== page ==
On 20th March, just before dawn, (sometime between 5 am and 5.30 am,) I heard the first tentative call of what in a few weeks will become the dawn chorus. I did not recognise the bird. It was only a few phrases, repeated two or three times. No-one else joined in and he lapsed again into silence.

It reminded me of being in New Zealand with John and Rory. We were in North Island on our way to Russell where we were going to stay in a hotel for a few days (we were 5 weeks touring New Zealand and I felt the need of a bath and comfort; the boys were willing enough because it gave them TV access for some critical world cup football games). So we were making our way up the coast and we stopped in rather a disorganised camp site and parked our camper van under a tree. It turned out that this tree was used every morning by the resident tuey, a bird slightly bigger than a blackbird and with a white bib under his chin, who has the most magnificent voice, rather like a clarinet. He would arrive each morning and begin his musical exercises by clearing his throat and then he would begin to go through his notes, slowly and methodically for all the world like an opera singer. After a few minutes of single notes, he would begin to string them together, repeating each phrase several times. Eventually he would feel his performance to be sufficiently good to launch into his full song, which was truly wonderful. We have nothing to compare with it here.

Our local bird’s tentative beginnings in no way compare to the impressive aria delivered by the tuey, but it is a beginning and it filled me with joy. Spring is coming. Have you seen the magnificence of the magnolias this year? And so as my mother used to say (which I thought very amusing at the time but now I understand exactly what she meant): We have survived the winter!






6 Elm Avenue, Littlehampton

John and I visited an interesting garden in Littlehampton this week, under the National Gardens Scheme.

Among the delights of visiting gardens in the yellow book is that it takes you into parts of Sussex (or wherever you reside) that you otherwise would never see, and you never know what to expect. The ‘garden’ can be the parkland of a stately home – one we visited had an avenue of wellingtonia – or a tiny precious haven of a terraced house.

It was a very hot day. The house was a large 1930s two storey house with an entirely flat garden. Looking at the front garden, it was obvious that it had been laid out by a garden designer. There was a pleasing selection of plants in purple and gold, mostly in flower.

We ambled round to the back, where there were already quite a few visitors. The garden had been divided into sections around a central walkway. Between the back door and the eventual ending of the garden it was bisected by a high fence, which had a moon gate in it. The planting was again in purple and gold and was dominated by hundreds of enormous alliums, all purple, with flowers as big as a football. The lady of the house, graciously in attendance and welcoming, informed us that this allium was called Globemaster. There were pools, and mirrors dotted about.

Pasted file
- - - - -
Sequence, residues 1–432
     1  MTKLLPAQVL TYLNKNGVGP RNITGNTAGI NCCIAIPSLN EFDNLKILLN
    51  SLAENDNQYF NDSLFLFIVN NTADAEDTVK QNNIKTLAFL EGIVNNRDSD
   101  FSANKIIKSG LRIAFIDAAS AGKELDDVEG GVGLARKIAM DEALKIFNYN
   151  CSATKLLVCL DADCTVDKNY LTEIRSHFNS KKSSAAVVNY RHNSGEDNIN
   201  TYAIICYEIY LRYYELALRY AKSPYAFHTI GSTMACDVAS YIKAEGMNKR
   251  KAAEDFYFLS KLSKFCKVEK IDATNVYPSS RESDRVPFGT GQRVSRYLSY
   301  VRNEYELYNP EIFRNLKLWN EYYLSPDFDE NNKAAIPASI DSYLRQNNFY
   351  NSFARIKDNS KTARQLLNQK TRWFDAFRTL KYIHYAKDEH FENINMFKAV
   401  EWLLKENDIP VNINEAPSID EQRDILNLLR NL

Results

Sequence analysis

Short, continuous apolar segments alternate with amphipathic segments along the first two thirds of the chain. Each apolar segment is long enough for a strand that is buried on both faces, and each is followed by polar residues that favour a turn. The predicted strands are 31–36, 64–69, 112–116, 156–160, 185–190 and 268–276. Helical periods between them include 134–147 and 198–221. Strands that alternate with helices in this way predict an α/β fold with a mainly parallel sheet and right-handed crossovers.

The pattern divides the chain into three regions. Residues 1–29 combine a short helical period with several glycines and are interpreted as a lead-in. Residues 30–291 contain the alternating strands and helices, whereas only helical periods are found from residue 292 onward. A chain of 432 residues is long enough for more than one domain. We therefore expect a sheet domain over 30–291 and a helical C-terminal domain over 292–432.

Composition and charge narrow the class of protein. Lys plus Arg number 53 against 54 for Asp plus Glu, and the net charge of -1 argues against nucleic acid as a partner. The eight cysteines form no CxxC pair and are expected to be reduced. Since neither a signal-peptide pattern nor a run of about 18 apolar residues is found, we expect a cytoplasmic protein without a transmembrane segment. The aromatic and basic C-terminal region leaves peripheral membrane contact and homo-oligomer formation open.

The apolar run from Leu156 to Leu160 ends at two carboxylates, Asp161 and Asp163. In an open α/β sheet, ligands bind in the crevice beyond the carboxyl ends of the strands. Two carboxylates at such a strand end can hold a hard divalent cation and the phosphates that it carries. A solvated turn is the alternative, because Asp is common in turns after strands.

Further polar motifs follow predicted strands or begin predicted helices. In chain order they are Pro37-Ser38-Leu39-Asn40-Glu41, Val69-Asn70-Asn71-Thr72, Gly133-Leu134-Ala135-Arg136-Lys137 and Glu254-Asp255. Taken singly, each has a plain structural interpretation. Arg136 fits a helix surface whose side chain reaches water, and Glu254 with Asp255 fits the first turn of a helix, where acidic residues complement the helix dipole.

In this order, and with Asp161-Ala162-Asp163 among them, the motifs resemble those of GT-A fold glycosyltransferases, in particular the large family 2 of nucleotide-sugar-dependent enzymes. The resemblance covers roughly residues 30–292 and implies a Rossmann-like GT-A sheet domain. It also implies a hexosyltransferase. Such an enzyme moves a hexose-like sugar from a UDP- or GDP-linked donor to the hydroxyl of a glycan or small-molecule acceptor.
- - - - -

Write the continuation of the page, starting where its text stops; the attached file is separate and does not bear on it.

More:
Among other interesting features was an alpine collection housed in guttering attached to strips of wood fastened to the blank wall of a summerhouse. Near the house were two large wooden receptacles which made deep beds, and were supported by trestle type stands so that they provided portable deep beds at waist height, filled with herbs and salad vegetables.

We had a cup of tea and cake in amongst all this splendour. I reflected that I would like the garden, lovely though it was, to be less ‘designed’. Let some other colour edge in, I thought. However it had only been planted the previous year and perhaps needed time to settle

As we exited the garden, we passed a side entrance; and there was a cat flap in the door, and fixed to the wall below was a step to access the flap. Everyone’s needs were considered.

Just to remind us that we weren’t in paradise, stuffed under our windscreen wipers was a peremptory note accusing us of blocking their exit (which we had not: you could have driven an army truck through the space we left.) We concluded it must be a case of jealousy by the neighbours plus resentment of the noise and activity of the builders of the garden, plus the arrival of so many visitors to their patch.

Then we drove to Littlehampton. I’ve come to the conclusion that there’s nothing wrong with English seaside resorts: it’s the people in them and their lamentable taste that is the problem. The beach at Littlehampton is pleasant enough (there is some sand); the water is clean. There is a little train with a friendly driver who puffs slowly along the promenade and back (we had a shot.) But there are some startling displays. A young woman, perhaps size 16, and going to run to fat if she doesn’t mend her ways, walking the promenade with her voluptuous flesh straining at the seams.

Another very overweight woman, a mother, wearing a skimpy bikini top and shorts bottoms, her flesh oozing out of them, sitting on a chair in a restaurant on the beach. In my first horrified glance at her, I thought she was naked.

I ate possibly the worst baked potato I have ever eaten ; eventually I wondered if it actually was a potato or some noxious substitute.

So we drove back, but we think we’ll return in September when that garden is, once again, open to visitors. I wonder what will have replaced the allium?